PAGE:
But I wouldn’t call you humble exactly. You like to win, every time. At soccer, you like to make sure the other kids know the score: “I got FOUR goals, and you only got TWO, right?” When I slide down a chute while playing Chutes and Ladders with you, you cackle a little too maniacally for my liking. We’ll have to work on the whole humility thing.
You’re still not a fan of water. If people heard the squeals coming from the bathroom when I’m washing your hair, they’d think I was making toddler pie. Yesterday I said you needed to take swimming lessons. You said, “No thanks, I already know how to swim.” Clearly you don’t need lying lessons.
You’re a very thorough dresser. Before you leave the house, you must have your hat on, hood up, mittens on, coat zipped up all the way, bootstraps fastened in perfect symmetry, and, of course, sunglasses on. No exceptions. It’s spring now and you’re still bundled up like you’re about to climb Everest.
You love soup.
You cheer for the Habs. (Thank/blame Dad for that when you’re older.)
You like to rhyme. I say a word and then you say a word that rhymes with it, but you seem to favour the letters B and F. So I’ve had a bit of fun with that, I confess.
You never use the word “girly”, except when you run and tell me you heard someone say it. I am raising a feminist. Fist pump.
You are rarely sick and strong as an ox. It’s probably all that broccoli. We had a snowstorm a few weeks ago, and when we got home at the end of the day you took your little shovel and cleared every speck of snow off the deck. My hero.
You think body parts are hilarious. Last week you told me my boobs were chubby and my butt was bouncy. I’m going to go ahead and take this as a compliment. One night last week when we were lying in bed, you whispered, “Let’s talk about Dad’s stinky butt.” So we did.
You know your mom’s book “has bad words in it.” But miraculously, you never say anything naughty. When I accidentally say “crap” or “stupid”, you say, “Bad word, Mommy.” Darn it, you are so strict.
Dad found a bunch of boogers on the back of the couch when we moved it yesterday. A nice complement to the ones I found on your bedroom wall last week. Well done.
You are an X-Box addict. “Just one more level.” Dad and I threaten to throw the thing in the garbage at least once a day, but you call our bluff every time. Dad and I are stupid people. (Yes, I know. Bad word, Mommy.)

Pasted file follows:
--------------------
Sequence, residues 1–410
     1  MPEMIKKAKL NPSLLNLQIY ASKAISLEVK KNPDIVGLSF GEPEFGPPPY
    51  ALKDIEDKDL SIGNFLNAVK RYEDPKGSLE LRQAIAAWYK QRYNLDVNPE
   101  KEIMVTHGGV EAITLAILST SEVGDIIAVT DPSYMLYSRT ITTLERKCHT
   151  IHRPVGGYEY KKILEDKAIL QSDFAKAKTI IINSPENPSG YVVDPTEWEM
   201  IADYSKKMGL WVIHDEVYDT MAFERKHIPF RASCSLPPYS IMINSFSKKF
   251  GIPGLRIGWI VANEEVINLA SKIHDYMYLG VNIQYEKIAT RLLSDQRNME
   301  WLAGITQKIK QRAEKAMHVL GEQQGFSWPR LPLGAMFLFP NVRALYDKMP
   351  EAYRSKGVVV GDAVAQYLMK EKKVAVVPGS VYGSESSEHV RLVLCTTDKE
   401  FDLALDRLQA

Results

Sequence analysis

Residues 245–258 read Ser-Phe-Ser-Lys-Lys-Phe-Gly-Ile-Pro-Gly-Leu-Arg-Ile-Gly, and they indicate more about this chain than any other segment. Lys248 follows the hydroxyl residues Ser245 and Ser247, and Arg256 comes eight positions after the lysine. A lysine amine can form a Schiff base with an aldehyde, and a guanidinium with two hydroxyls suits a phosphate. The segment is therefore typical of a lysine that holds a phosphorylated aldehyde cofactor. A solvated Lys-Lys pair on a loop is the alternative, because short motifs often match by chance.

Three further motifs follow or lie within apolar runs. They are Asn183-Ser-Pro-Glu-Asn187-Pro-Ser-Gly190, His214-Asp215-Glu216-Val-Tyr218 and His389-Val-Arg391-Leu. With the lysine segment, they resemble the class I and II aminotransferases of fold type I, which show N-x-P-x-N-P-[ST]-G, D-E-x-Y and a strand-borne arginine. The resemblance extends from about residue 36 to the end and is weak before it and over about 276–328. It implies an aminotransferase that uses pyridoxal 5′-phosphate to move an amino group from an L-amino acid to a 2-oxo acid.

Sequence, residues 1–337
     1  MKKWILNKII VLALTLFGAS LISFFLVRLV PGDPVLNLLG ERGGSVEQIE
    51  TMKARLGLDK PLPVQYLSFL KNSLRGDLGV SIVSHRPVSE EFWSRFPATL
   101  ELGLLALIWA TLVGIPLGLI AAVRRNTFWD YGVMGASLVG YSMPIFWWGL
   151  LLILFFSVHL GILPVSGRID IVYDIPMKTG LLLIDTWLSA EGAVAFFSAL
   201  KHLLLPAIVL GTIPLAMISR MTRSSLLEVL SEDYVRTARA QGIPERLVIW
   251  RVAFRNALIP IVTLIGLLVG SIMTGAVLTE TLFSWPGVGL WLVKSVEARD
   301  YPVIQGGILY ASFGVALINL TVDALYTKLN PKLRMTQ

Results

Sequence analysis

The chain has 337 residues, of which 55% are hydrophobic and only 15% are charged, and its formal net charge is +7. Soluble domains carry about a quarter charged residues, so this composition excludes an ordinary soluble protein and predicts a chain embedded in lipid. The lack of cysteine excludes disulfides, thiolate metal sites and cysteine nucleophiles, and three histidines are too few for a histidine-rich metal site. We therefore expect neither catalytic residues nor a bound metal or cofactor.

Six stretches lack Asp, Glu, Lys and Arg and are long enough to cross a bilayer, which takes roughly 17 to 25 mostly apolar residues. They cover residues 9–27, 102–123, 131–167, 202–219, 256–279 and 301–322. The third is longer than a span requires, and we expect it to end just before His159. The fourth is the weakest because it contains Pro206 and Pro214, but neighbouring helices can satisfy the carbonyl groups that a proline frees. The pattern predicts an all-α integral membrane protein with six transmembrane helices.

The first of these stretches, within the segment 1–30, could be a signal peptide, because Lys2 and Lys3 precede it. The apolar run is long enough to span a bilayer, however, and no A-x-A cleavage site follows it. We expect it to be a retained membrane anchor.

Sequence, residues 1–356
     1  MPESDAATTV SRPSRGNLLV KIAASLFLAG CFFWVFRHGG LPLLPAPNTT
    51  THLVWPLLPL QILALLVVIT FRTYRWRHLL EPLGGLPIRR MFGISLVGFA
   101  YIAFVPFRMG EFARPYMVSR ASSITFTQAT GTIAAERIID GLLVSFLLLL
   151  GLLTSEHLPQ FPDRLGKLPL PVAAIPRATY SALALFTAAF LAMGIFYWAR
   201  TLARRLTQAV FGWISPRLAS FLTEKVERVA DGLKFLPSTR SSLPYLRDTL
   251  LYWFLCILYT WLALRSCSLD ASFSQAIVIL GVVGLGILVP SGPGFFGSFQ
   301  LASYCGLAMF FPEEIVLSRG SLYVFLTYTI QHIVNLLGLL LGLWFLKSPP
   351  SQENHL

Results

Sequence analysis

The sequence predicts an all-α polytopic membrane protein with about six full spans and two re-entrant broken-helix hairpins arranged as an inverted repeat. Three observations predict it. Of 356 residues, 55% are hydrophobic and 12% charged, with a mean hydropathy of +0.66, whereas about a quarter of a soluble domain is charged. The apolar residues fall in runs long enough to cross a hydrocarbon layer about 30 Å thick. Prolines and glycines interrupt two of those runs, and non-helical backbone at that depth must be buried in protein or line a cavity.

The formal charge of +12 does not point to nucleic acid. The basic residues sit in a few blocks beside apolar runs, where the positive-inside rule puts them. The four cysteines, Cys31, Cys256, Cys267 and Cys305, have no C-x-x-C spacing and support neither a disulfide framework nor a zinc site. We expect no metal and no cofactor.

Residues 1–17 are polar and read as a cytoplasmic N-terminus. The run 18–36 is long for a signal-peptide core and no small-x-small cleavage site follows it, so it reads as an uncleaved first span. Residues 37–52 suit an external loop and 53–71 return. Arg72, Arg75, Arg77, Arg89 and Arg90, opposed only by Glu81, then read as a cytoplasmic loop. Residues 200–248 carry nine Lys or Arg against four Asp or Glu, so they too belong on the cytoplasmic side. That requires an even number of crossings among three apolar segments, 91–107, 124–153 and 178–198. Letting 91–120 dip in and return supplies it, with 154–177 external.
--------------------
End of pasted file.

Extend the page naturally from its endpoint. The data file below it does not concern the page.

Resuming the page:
You’re having fun in your monthly Kinderstart class. One day you had to bring a photo of your favorite animal. You brought a snap of Splash and corrected the teacher promptly when she called Splash a “he”. “ACTUALLY, it’s a girl,” you asserted. Then you had to make an animal with a paper bag. You made an alien.
You’ll be going to school for real in September. I know you’re going to be fine, because I know you. You’re outgoing, friendly, and curious. I wish I could be a fly on the wall, watching your eyes light up as you learn about earthworms and constellations. Dad can’t wait to help you with your homework.
You know all your letters and can count to 100. You still need help to write them sometimes. You can sign your name like it’s nobody’s business. But anything requiring more than three letters is absolute torture. Thank goodness we didn’t name you Bartholomew.
Man oh man. Five years old. Look at you. That face. That smile…I can see every tooth in your head.
You gave me your hand last night so I could clip your fingernails, and I remembered how you wrapped those fingers around my mine when you were a baby. Your hand is bigger now, and busier – building and testing and exploring the world, all on your own. Every day for the past year, I’ve dropped you off at daycare and you’ve thrown those hands around my neck to hug me, then pushed my face to the side to kiss my cheek (and avoid the dreadful lipstick), and waved to me vigorously as I drive away. But when I leave you in the Kinderstart class now, you don’t even look back to say goodbye. You’re too busy examining new toys and meeting new friends. I guess this is how it goes. You’re letting go a little, loosening your grip. And so must I. You don’t need me like you used to, and that’s how it’s supposed to be. You’re a big boy now, ready to go off and wrap your hands around the world.
But guess what? You may not need me so much anymore, but I need you. And I don’t just mean for writing material. So don’t be getting any funny ideas out there, mister.
You’re more than ready for school, because I see now that you were a genius from the beginning. You tricked me, outsmarted me, turned the tables on me completely, and I never saw it coming. You started out with your little hand wrapped around my finger. Now, it’s my whole life wrapped around yours.
Happy 5th birthday, my big, big boy. Everything is going to be great.